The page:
The Mystifying Medicine Show by J C Bemis
|The Mystifying Medicine Show by J C Bemis|
|Category: Confident Readers|
|Reviewer: Stefan Bachmann|
|Summary: A great big mash-up of magic, monsters, pirates, circuses, American folklore and steampunk. It has some problems with pacing, takes an inexcusably large number of pages to get going, but otherwise an enjoyable and fairly unique adventure tale.|
|Buy? No||Borrow? Yes|
|Pages: 224||Date: July 2009|
Ray Cobb and his little sister, Sally, are traveling by train across an alternate 19th century America on their way to be adopted. Ray, fearing his unruly nature will ruin Sally's chances of getting a good home, concocts a brilliant plan that involves abandoning her and jumping off the back of the speeding train. He pulls the whole thing off with surprisingly little damage, either emotional or physical, and sets off on foot to make his fortune. After days of wandering through the swamps of the deep south, he is picked up by the motley crew of a traveling medicine show (a sort of amped-up apothecary with sword-swallowers and snake charmers on the side). They welcome him in, and it's not long before he's feeling right at home. But there's more to this band of misfits than meets the eye, and as Ray travels with them he begins to uncover secrets that will change his life forever.
So, let's start with the good, shall we? I liked general setting of The Mystifying Medicine Show immensely. It takes place in an alternate America just after the Civil War, and combines historical fantasy, one of my two favourite sub-genres, with steampunk (an amalgam of Victoriana and steam/clockwork-driven technology), the other of my two favourite sub-genres. The world the author has created is fanciful, original and a bit bizarre, populated with all kinds of odd and wonderful creatures, both human and otherwise. One gets a real sense of discovery exploring it through Ray's eyes. Two particularly memorable elements are a hat that turns its wearer into dandelion seedpods, and a giant clockwork wolf that moves in a mist of icy cold.
But atmosphere and flights of fancy can't make up for Show's glacial pacing. It starts at a crawl and just keep crawling on and on and on. Let me summarize. The first third of the book is a slog through endless set-up, vague exposition, pointless back-story... Just one big bunch of padding. The writing is less assured during this portion, and fails to establish a consistent tone. All we get is a string of seemingly random scenes, occurrences, and coincidences (too many of the latter) without even uniform writing to link them together. The author finds his way over the next hundred pages and the story finally begins to engage; it becomes fun and entertaining, but there's still no suspense. Why? Because the reader has no idea what's going on! Cryptic mentions are made of something (or someone. Ooh, mysterious...) called a Gog who is killing these other people called Ramblers, and that this Gog fellow is building a machine. Since we don't know anything about the Gog, or what Ramblers are, or whether said machine is a nuclear bomb or a cuckoo clock, there's no compelling reason to care about any of this. During the final third, a potentially interesting conflict arises and the book races headlong towards its rather spectacular, blockbuster-style climax.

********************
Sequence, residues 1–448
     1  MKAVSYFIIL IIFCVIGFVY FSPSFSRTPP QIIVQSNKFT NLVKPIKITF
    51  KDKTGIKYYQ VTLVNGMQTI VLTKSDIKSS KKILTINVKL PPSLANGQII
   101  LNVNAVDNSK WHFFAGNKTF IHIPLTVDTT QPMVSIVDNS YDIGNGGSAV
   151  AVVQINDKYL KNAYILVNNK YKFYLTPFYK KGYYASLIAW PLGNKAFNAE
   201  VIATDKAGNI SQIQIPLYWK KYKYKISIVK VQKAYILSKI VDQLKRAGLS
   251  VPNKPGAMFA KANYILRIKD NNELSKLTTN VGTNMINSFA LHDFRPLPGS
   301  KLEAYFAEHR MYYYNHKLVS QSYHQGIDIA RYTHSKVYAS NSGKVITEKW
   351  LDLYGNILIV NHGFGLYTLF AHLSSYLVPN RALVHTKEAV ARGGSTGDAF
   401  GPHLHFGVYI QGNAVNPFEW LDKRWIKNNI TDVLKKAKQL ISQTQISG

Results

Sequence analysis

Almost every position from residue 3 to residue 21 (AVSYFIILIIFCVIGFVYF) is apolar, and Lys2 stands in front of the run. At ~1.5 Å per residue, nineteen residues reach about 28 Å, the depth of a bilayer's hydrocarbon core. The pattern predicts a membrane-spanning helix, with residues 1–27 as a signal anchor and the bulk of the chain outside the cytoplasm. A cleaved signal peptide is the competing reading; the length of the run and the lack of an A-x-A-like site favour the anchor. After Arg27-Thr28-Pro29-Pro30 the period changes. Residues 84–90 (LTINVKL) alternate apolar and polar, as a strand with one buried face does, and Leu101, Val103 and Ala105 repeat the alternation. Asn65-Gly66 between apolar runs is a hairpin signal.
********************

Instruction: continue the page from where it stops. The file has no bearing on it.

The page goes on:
So the last part's great. All's well that ends well, right? I suppose, but only if you actually get to the end, and I'm thinking many never will.
On the subject of characters: the majority are relatively nondescript apart from outward quirks. The author casts a bevy of American stereotypes in secondary roles (a mystical American Indian, a Chinese girl with a magical tattoo, a black strong-man who is gentle and quiet), for no other reason than to add colour. Thanks to plenty of wooden characterization, though, they don't add anything at all. A notable exception is Jolie. She's a siren/mermaid with a wholly believable, three-dimensional personality and her scenes are some of the best in the book.
So with some heartless editing and a major restructuring of the first third, this book could have been great fun. As it is, it may very well lose its audience long before the good parts come into play towards the end. Still, this is a new author with a great imagination and I will definitely be interested in seeing what he does next.
Thanks goes to Oxford Children's Books for sending Bookbag a proof copy.
Further reading suggestion: For a delightful and totally satisfying circus-themed adventure check out The Palace of Laughter by Jon Berkeley, and it's sequel The Tiger's Egg. If you'd like an altogether more subdued and darker novel, yet with similar motifs, take a look at Puppet Master by Joanne Owen.
You can read more book reviews or buy The Mystifying Medicine Show by J C Bemis at Amazon.co.uk.
You can read more book reviews or buy The Mystifying Medicine Show by J C Bemis at Amazon.com.
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